I think the highest compliment that can be made for any of these rooms (assuming that the can be effectively implemented) is that someone wants to experience them, and I would 100% want to try my hand at this room. I'm not sure if you've seen Ocean's Twelve, but this room immediately evoked memories of this scene:

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Having the right soundtrack in place could definitely elevate this concept!

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Potential, feasibility, user experience and human factors shown in the concept sketch, The Room

Client 1:

The Layout and gameplay sound good. It seems like it would be a fun space to play in.

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Client 2:

What happens if the goblet unlock button is pressed before the room buttons are pressed, but not while the pressure plate is depressed? Do the buttons still blink? Consider whether you want the mystery of how to open the goblet case to be one of the principal challenges of the room, or if you just want the main challenge to be avoiding the lasers (and the buttons will serve as a reason to cross the room). If you want the mystery to be part of the challenge, it makes sense to do nothing if the unlock button is pressed while the room is dark and the wall buttons have not been pressed. If you want the lasers to serve as the main challenge, then you might want to help guests out some more if they get to that point without pressing any of the buttons.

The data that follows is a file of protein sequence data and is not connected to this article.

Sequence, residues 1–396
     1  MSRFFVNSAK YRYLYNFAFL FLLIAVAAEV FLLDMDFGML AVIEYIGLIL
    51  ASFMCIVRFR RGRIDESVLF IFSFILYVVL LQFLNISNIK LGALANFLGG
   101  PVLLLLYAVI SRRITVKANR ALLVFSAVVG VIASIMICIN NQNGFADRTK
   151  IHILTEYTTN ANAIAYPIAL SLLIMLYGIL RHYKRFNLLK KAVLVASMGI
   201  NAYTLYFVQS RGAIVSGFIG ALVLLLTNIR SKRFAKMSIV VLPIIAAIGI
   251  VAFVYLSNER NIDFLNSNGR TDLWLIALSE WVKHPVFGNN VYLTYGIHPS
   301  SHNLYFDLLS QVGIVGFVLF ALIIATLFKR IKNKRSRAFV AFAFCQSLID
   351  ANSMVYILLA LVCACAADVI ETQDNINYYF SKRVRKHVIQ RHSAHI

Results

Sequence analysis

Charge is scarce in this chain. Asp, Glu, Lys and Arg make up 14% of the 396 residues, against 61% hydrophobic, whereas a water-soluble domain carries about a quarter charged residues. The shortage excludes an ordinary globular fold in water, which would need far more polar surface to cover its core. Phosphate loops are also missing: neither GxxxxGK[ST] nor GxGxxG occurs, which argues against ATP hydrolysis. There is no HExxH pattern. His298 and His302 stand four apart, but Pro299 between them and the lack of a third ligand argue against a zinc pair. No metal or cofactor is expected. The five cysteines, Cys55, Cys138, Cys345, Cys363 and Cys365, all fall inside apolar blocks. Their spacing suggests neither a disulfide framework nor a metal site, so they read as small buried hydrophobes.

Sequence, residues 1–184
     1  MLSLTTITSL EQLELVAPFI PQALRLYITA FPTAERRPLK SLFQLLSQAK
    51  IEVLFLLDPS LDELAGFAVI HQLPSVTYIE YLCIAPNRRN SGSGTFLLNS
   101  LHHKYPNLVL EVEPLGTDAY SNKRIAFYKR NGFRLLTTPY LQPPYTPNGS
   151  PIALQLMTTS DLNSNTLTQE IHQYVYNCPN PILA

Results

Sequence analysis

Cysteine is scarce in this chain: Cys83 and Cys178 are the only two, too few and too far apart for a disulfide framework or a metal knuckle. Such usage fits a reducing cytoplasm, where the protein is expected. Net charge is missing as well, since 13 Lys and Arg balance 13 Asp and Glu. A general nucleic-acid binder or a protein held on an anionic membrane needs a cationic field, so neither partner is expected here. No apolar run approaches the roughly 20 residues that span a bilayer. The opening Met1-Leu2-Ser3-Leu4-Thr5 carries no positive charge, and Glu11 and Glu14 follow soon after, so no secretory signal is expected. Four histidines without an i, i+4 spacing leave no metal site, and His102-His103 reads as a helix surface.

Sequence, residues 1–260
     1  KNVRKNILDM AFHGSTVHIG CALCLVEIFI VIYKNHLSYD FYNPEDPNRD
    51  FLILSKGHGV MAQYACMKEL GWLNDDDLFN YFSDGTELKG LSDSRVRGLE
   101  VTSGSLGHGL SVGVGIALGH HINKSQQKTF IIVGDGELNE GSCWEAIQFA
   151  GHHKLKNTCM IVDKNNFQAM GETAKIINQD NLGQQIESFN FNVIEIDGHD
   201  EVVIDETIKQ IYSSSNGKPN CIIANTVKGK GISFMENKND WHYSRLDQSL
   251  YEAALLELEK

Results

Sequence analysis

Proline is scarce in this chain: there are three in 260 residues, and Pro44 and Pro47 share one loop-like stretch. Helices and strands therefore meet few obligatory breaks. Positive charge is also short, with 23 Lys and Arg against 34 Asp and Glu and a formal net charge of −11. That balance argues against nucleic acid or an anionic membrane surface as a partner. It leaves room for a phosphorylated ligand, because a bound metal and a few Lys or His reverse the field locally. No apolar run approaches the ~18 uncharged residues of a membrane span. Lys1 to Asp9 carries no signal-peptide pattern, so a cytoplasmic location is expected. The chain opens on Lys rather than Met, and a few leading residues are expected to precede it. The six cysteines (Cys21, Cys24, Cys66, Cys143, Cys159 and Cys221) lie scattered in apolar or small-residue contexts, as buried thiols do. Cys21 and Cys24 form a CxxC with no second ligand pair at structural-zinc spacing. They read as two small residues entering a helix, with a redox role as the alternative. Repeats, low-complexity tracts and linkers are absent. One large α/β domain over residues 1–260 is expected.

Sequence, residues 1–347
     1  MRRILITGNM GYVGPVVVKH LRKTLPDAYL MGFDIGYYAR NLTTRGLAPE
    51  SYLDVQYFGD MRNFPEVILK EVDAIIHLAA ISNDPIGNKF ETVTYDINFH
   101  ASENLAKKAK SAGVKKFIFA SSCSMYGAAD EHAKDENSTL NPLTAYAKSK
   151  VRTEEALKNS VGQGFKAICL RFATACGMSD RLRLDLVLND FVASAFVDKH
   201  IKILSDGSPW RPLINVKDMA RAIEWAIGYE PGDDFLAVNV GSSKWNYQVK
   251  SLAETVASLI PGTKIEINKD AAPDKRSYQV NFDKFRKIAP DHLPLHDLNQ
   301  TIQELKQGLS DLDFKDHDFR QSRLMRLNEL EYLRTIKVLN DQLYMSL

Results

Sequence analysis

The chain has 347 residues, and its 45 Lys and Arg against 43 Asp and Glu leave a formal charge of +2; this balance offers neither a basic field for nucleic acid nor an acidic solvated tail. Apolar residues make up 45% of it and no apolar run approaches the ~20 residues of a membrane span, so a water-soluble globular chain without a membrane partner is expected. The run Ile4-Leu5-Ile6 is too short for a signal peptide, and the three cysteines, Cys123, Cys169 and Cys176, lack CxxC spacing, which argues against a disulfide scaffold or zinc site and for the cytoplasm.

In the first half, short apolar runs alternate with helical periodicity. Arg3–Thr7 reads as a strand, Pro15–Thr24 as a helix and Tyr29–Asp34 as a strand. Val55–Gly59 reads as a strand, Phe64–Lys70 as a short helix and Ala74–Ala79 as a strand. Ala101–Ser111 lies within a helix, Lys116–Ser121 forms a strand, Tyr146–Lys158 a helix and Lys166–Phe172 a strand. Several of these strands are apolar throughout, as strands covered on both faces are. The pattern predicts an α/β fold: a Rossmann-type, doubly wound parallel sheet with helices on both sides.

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Reviewer 3:

I'm a little confused by this. I'm not sure I understand why the sides of the room need to be revealed by a press of a button instead of just being visible upon entrance. I think the room will be more engaging if the players can see that they are in a museum (?) instead of a white room with a goblet in the middle. Also, this mentions a panel, but I'm not sure which panel to which it refers. Is the panel the same as the button on the pedestal?

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Reviewer 4:

The sketch is not that great. The picture of the museum in the background seems copied from the internet and not original. You could have added more details about the lasers' patterns or the force plate to it.

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Reviewer 5:

The concept of the toggled room where one view is the fully decorated room and the other reveals the lasers is extremely cool. It also probably gives you a greater degree of latitude for how you can decorate the room in the non-laser view. Giving the user multiple cues for what they are supposed to do in the laser room is a nice touch and increases the intuitiveness of the gag.